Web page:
At IDEO, empathy is in our DNA. We begin every project by doing observation and research aimed at gaining an understanding of, and subsequent empathy for, the people for whom we are designing.
Because of this, many of us at IDEO are excited about the promise of virtual reality. Director Chris Milk gave an inspiring TED Talk, “How virtual reality can create the ultimate empathy machine.” Likewise, the New York Times has begun capturing and telling virtual reality stories via their new NYT VR app, and in a recent piece called “Where Virtual Reality Takes Us,” Times contributor Danfung Dennis writes, “In V.R., we instinctively feel a surge of empathy for those whose experiences we are immersed in.”
As someone who enjoys gauging the effectiveness of new methodologies and technologies in how they augment or transform the way we design, I’ve lately been exploring a pair of VR prototyping technologies, the new VRComponent in Framer Studio and Mozilla’s A-frame.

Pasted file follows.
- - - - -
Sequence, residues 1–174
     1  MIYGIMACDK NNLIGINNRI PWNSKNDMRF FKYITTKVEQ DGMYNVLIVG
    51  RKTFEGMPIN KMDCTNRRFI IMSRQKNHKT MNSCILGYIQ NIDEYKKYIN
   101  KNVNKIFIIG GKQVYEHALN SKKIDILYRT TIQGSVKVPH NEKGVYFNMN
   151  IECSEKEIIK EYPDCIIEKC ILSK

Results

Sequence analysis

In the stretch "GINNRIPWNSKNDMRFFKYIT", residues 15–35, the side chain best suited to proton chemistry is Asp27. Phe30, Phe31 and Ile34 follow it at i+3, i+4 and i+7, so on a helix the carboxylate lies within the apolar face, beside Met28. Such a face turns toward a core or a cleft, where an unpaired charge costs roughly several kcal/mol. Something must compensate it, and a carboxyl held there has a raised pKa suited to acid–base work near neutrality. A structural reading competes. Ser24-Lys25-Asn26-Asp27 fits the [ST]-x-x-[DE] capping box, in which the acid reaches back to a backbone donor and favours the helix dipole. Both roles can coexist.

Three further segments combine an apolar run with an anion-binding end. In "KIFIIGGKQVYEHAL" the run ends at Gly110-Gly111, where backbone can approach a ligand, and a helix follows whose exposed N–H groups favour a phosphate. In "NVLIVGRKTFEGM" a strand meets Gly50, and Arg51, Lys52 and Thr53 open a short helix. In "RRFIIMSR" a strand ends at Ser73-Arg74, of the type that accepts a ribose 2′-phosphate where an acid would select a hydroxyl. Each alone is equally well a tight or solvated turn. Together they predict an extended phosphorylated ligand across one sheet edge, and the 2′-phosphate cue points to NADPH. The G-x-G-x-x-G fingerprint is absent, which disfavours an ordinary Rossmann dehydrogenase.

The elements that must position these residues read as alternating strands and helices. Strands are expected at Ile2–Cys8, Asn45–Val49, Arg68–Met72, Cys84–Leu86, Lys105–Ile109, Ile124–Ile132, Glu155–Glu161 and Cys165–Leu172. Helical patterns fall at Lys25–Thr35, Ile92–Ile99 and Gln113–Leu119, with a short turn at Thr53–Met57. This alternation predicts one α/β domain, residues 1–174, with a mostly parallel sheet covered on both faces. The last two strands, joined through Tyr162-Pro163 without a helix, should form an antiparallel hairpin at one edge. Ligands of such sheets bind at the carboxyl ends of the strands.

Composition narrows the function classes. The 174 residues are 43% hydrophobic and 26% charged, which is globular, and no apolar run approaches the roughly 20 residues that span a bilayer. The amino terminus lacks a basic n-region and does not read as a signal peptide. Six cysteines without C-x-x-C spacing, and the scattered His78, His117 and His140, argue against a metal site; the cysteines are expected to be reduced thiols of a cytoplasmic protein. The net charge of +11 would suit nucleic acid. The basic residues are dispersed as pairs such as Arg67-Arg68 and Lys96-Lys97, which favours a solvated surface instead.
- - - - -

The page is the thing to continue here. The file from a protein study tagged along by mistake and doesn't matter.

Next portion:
Further, as someone who enjoys teaching and sharing knowledge via workshops, I connected with a colleague, film and commercial director and designer Dav Rauch, about tag-teaming an internal VR-themed workshop for our colleagues.
On a Tuesday afternoon, a multidisciplinary group of IDEO designers gathered for our event, the inaugural San Francisco edition of Nerd Night, a monthly workshop series founded five years ago by a Chicago colleague and me. Dav detailed his editorial and effects pipeline, while I walked attendees through the process of creating a pair of VR prototypes, first with Framer Studio and second with Mozilla’s A-frame.